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Two ways to limit energy policy uncertainty

Graham Atkins argues that the next government must limit policy uncertainty if it wants to secure best value for consumers.

In the rush to end the parliamentary session, two important but little-noticed select committee reports were published: the Commons Business, Energy, and Industrial Strategy (BEIS) Committee’s report on energy policy, and the Lords Science and Technology Committee’s report on nuclear research and technology.

The two reports highlight vital energy issues. Investing in new low-carbon energy infrastructure is critical: without new investment, the UK will struggle to keep the lights on – not to mention meet its emission targets. Policy uncertainty hinders this process. It is therefore vital that the next government reduces it as far as possible to ensure that the costs of these investments are manageable. There are two critical steps the next government must take:

1. Be clear about Brexit

The biggest Brexit energy question is how long the UK will remain part of Euratom, the nuclear research, training, and regulatory body. This matters. Policy uncertainty means investors will either decrease or delay investment, or ‘price in’ uncertainty by seeking a higher return which, ultimately, means higher taxation or higher energy bills.

Uncertainty is particularly important in energy because we rely heavily on private finance to support investment in energy infrastructure. According to the Infrastructure and Projects Authority’s pipeline, 95% of planned energy investment over the next five years is to be financed by the private sector, which is much higher than in other sectors.

Planned infrastructure investment by finance source

Anecdotal evidence submitted to the BEIS Committee suggests that concerns have been exacerbated since the vote for Brexit. Chatham House estimates that incoming investment may have declined by 10% following the EU referendum, and the National Grid estimates that even minor increases in financing costs could increase consumer bills by “hundreds of millions”. The UK has also tumbled from eight to 14 on EY’s ‘Renewable Energy Country Attractiveness Index’.

Some uncertainty is inevitable, but the next government needs to outline and communicate its plans to investors early on. In the absence of engagement and a clear plan, conflicting messages or a communication ‘void’ will increase the cost of infrastructure.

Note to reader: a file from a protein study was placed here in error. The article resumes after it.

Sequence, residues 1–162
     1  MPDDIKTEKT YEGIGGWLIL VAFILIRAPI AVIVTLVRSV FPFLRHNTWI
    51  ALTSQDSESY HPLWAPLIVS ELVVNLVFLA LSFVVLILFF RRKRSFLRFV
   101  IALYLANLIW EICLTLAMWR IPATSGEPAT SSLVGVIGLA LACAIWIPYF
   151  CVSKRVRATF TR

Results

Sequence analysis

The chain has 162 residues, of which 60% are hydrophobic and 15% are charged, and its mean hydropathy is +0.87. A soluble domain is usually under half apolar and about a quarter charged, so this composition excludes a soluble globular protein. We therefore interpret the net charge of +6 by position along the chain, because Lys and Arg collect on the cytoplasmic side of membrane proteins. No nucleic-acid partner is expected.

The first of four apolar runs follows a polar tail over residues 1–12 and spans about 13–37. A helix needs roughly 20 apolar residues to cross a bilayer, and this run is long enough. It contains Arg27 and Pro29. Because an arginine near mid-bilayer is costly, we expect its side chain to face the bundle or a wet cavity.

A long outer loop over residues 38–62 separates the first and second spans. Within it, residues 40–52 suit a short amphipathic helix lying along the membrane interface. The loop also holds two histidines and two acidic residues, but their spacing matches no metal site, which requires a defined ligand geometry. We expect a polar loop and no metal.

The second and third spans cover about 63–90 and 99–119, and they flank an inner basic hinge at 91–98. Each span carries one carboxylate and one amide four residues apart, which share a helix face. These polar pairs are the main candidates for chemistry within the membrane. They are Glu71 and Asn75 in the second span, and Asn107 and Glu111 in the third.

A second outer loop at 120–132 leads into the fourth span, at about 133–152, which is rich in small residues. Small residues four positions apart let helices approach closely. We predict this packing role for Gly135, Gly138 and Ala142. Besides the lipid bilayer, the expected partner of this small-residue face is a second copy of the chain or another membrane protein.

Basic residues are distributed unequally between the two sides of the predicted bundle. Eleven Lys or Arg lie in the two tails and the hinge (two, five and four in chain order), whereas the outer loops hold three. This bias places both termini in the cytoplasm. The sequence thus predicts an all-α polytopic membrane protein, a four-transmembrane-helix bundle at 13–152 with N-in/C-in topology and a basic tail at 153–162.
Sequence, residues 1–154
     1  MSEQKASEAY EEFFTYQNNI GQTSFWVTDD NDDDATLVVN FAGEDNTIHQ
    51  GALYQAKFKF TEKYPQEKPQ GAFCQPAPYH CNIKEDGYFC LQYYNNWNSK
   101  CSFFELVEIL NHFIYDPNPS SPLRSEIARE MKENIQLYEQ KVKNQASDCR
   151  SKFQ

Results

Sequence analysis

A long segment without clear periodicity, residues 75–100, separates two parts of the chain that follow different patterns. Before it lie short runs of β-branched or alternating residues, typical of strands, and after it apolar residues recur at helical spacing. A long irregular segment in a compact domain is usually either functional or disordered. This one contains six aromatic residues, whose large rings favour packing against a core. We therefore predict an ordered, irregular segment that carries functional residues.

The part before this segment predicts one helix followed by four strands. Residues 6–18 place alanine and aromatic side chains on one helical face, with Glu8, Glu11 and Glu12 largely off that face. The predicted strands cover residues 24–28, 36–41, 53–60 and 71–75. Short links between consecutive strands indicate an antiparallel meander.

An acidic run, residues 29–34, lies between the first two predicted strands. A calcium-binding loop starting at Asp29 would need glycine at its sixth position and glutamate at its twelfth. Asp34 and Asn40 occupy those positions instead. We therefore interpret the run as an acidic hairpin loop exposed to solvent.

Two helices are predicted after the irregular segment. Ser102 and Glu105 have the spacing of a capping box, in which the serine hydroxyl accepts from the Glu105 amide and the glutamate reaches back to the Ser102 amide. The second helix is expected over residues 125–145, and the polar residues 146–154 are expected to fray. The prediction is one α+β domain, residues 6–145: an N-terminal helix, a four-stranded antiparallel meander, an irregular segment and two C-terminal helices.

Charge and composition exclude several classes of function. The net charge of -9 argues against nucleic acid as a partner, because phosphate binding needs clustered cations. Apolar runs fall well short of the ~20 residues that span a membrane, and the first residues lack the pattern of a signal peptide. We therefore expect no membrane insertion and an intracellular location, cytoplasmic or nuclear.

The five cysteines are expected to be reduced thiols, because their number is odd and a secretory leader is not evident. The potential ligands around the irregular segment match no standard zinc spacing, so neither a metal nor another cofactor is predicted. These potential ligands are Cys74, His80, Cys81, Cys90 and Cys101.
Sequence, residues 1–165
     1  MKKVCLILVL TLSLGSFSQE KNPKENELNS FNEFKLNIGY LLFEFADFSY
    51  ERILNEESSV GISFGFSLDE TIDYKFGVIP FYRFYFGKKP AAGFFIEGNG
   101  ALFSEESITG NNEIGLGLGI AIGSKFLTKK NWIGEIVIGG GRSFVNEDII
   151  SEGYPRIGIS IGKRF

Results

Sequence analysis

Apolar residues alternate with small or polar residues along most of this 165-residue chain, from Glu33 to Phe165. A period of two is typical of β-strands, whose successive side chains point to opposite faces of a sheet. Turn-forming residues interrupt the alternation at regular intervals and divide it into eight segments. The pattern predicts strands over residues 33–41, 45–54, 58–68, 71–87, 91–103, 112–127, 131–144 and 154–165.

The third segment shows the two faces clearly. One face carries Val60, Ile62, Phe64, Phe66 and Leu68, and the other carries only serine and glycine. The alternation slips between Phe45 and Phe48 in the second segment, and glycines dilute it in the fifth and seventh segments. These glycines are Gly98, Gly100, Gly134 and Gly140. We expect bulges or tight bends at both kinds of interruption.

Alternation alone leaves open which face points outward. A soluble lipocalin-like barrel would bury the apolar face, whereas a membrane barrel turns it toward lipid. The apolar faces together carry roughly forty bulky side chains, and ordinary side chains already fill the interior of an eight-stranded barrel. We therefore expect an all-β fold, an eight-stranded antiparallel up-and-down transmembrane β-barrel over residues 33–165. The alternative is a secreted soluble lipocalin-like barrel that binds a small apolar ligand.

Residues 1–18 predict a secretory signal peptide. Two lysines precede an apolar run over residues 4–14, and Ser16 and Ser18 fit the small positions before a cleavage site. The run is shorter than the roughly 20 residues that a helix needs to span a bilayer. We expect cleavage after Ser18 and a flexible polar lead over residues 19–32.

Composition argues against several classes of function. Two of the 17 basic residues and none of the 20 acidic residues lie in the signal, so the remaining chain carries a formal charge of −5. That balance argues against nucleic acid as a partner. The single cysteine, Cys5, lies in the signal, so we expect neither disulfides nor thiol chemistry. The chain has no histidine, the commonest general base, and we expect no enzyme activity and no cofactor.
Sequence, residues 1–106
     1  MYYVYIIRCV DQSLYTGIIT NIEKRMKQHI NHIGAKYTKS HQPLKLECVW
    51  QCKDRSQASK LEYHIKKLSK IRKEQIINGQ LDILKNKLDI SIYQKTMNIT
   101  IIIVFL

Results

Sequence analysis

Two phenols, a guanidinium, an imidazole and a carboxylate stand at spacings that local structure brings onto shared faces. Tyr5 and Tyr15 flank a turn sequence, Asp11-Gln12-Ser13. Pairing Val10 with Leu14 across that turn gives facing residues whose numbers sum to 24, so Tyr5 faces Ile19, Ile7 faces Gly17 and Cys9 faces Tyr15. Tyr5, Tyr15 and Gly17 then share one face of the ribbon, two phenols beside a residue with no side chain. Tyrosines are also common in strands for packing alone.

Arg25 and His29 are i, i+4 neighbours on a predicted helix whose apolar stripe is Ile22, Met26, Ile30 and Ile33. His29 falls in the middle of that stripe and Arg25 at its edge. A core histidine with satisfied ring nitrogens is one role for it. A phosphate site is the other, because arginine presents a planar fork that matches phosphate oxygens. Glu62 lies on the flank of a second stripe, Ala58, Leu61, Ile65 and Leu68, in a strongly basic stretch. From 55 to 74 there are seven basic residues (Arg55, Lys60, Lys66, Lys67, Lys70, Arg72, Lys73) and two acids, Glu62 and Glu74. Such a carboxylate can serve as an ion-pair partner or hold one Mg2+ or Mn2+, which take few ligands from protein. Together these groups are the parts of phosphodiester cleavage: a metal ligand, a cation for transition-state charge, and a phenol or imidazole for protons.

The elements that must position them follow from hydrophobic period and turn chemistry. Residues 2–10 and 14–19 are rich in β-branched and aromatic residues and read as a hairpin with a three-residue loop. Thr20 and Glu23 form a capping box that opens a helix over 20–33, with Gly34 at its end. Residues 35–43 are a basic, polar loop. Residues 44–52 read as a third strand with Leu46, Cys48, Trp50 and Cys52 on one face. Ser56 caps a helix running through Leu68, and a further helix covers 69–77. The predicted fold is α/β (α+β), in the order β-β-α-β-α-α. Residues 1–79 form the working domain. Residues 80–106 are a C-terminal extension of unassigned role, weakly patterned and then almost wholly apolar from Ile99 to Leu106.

2. Make a decision about nuclear power

Failure to commit to a civil nuclear strategy – a plan for domestic nuclear power – will hinder the UK’s ability to develop low-carbon energy. Much like it has with the institutions required for a successful industrial strategy, the UK has procrastinated on whether to support small modular reactors – nuclear power plants with outputs of 300MWe or less, designed for mass manufacture.

Given their development costs, these reactors require government support. But investors and industry have been left in the dark. Rolls Royce, for example, are still seeking clarity from BEIS on whether a competition for designs – initially planned for completion in Autumn 2016 – will go ahead.

BEIS have also yet to publish their techno-economic assessment of small modular reactors, although the report was completed last year. It is legitimate for the Government to assess the costs and benefits of supporting research in highly-uncertain future markets. But delay and opaqueness have become overwhelming. Endless procrastination is the same as choosing to kill a project, but without ensuring it is the right course of action.

Exploring the issues

The debate over small nuclear projects illustrates a wider issue the next government needs to tackle head on: whether smaller projects offer better value for money. In nuclear, there is considerable debate on big versus small projects. Small projects have lower absolute capital costs – and are likely to have lower financing costs if a pipeline of ‘proven’ projects comes forward. Small projects are also likely to be less ‘fragile’ – less likely to become unrecoverable due to a random event – than megaprojects, although they are unable to provide the same level of energy.

There are good arguments on both sides, and the debate extends beyond the energy sector: utilities, transport, and communications face similar discussions. The next government needs to recognise this debate, and consider the merits of big versus small options – rather than defaulting to the excitement of ribbon-cutting and ‘shiny new things’.

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